If you haven't heard already, I am embarking on a project this September to paint deviantART gold in the name of raising awareness for Childhood Cancer. To find out how you can join in, click here.
Each day, an average of seven children die because of childhood cancer and around 1,600 children under the age of 15 are diagnosed with cancer each year in the UK alone and approximately 13,400 children under the age of 19 are diagnosed with cancer in the US each year. Despite these statistics, The National Cancer Institute devotes just 4% of it's budget to pediatric cancer.
It is true that there are more adults diagnosed with cancer than children - the reason that governments and foundations fund more research for adult cancers - yet, on average, adults lose 15 years of life to cancer, children lose - on average - 71 years. Of those years we could save, that child could grow up, marry and start a family of their own; create or invent something new to the world; or, even, discover a cure for cancer.
I first became aware of how serious childhood cancer was a few years back, upon hearing of Ronan Thompson's story. Allow me to share it with you.
Our perfect family changed in August of 2010, during our annual trip to my parents' house in Washington State. It was a trip that we had been taking since the birth of Liam and Quinn, and we always took a family photo on this trip. Every year, we used this photo as our Christmas card. That August, while the boys were posing in my parents' cornfield, happy as can be, I noticed that Ronan's eye looked a little "off" or "lazy." When I mentioned it to other family members, they all said they hadn't noticed.
The following day, Maya and her family returned home to Phoenix and her husband greeted them. Almost immediately, he notice Ronan's eye. They scheduled an appointment with Ronan's pediatrician who then referred them to an ophthalmologist. The ophthalmologist dismissed Maya's concerns and intuition, not believing that there was anything wrong with Ronan. Maya disagreed and started calling other doctors who might be available to see Ronan upon short notice.
Dr. Brendan Cassidy agreed to see Ronan the next day. At first glance at Ronan's eye, which was now bulging out of the socket, Dr. Cassidy immediately knew something was seriously wrong. Dr. Cassidy sent us directly to Phoenix Children's Hospital for an MRI. The MRI showed a small mass above the left orbit of Ronan's eye. The following day, Ronan had a CT scan done, and they found a mass in Ronan's abdomen.
It was on this day, the 12th day of August, 2010, that Ronan, my son, my baby, my love, was diagnosed with Stage IV Neuroblastoma.
Ronan's orbital tumour was successfully removed at Phoenix Children's Hospital on August 13, 2010. He also received five rounds cycles of chemotherapy. The tumour in his abdomen was almost completely removed by surgeons in New York City and Ronan responded well to the first five rounds of chemo. After the MIBG scan after Round Five, Maya and her family decided forgo without the standard COG protocol (the standard treatment for neuroblastoma).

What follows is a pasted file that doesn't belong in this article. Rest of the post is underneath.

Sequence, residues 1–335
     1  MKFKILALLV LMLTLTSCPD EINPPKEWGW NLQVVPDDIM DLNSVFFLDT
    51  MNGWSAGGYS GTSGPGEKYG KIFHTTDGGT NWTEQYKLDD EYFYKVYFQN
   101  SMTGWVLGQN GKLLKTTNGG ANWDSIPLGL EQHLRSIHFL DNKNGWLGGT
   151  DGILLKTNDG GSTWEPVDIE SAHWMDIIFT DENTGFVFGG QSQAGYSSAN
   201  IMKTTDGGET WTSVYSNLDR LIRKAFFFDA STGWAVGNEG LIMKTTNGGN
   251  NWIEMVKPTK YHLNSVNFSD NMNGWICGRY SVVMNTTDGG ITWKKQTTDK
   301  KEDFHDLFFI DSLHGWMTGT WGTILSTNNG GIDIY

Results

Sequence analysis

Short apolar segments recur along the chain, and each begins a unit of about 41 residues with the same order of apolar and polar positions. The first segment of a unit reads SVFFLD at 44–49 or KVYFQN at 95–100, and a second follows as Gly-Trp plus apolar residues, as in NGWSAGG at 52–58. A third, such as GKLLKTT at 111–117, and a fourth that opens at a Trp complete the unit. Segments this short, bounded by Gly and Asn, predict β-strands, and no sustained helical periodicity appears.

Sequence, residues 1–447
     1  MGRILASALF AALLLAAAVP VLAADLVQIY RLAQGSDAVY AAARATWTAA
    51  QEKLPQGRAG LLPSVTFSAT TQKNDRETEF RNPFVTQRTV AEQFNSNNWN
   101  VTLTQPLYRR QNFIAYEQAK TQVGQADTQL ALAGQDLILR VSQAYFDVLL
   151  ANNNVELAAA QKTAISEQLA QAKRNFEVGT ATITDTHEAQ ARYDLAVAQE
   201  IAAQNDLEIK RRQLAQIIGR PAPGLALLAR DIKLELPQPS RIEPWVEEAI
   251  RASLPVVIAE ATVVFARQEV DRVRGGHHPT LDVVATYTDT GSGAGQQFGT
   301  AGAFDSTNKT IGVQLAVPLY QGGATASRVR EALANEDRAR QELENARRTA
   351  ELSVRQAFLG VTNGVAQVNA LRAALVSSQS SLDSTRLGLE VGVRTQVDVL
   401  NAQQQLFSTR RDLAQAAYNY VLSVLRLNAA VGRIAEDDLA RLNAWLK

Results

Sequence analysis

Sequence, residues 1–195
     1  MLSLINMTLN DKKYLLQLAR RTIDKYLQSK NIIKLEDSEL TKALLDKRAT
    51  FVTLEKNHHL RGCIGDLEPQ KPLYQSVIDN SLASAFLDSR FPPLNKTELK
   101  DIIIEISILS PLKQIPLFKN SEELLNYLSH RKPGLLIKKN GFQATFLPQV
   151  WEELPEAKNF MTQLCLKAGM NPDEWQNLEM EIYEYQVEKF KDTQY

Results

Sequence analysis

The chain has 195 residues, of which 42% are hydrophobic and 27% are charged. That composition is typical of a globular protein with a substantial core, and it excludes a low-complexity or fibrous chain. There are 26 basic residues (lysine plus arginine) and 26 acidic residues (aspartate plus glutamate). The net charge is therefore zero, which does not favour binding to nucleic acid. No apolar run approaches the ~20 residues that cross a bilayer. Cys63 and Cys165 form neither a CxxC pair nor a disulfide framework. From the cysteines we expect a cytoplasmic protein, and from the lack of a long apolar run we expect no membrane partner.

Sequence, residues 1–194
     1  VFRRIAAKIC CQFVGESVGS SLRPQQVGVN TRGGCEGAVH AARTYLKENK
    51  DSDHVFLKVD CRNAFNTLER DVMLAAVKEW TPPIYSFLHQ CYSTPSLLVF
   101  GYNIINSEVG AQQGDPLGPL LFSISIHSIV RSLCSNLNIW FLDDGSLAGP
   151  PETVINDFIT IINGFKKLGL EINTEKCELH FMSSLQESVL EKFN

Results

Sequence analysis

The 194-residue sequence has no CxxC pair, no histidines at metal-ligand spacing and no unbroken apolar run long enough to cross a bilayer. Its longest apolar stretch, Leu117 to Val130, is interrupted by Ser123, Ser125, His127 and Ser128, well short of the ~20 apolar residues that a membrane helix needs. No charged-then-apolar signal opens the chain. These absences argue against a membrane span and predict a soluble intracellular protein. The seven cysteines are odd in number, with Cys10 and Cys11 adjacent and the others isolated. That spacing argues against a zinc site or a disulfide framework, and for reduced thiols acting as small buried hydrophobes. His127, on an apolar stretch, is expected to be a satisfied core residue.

We moved Ronan to Sloan Kettering to continue treatment under the care of Dr. Kushner. We did this because Ronan's scans were much improved, but he still had a lot of MIBG activity. We felt Sloan Kettering was where we needed to be. Ronan underwent radiation and ICE at Sloan. A few weeks later, Ronan's disease took a turn for the worse. His body did not respond to the chemo, and his disease rapidly progressed. We returned to Phoenix with heavy hearts, but refused to give up.
They took Ronan to meet with Dr. Mosse at CHOP in Philadelphia. It was at CHOP that we they told that Ronan could not undergo MIBG therapy and were told to take Ronan home, and enjoy the rest of the time we had with him.
The family searched frantically for something that could help their baby and were told to contact Dr. Giselle Sholler and she agreed to accept Ronan in her Nifurtimox trial.
Unfortunately, Ronan's little body gave out before they could get to San Diego for the treatment.
Ronan's battle with Neuroblastoma ended on May 9th 2011, just three days before his fourth birthday, but his mother vowed that his fight would go on. She continued to write her blog and raise awareness for Childhood Cancer, sharing her heartbreaking story of her little rock star.
Taylor Swift, country turned pop artist, found Maya's blog and wrote the song for her and Ronan, performing it on the 2012 Stand Up 2 Cancer telethon. The lyrics, entirely based on Maya's blog, caught me instantly and I found Maya's blog, learning more and more about Ronan's battle, her family's fight, and the constant campaigning that Maya continues to participate in.
Maya's story touched me. It broke my heart to hear of such a young person and their family put through such terrible hardships. Since I first heard of her story, I have been following Maya's blog and this year I have decided that following her blog is not simply enough. In remembrance of Ronan and in awareness of Childhood Cancer, please join me in painting deviantART gold.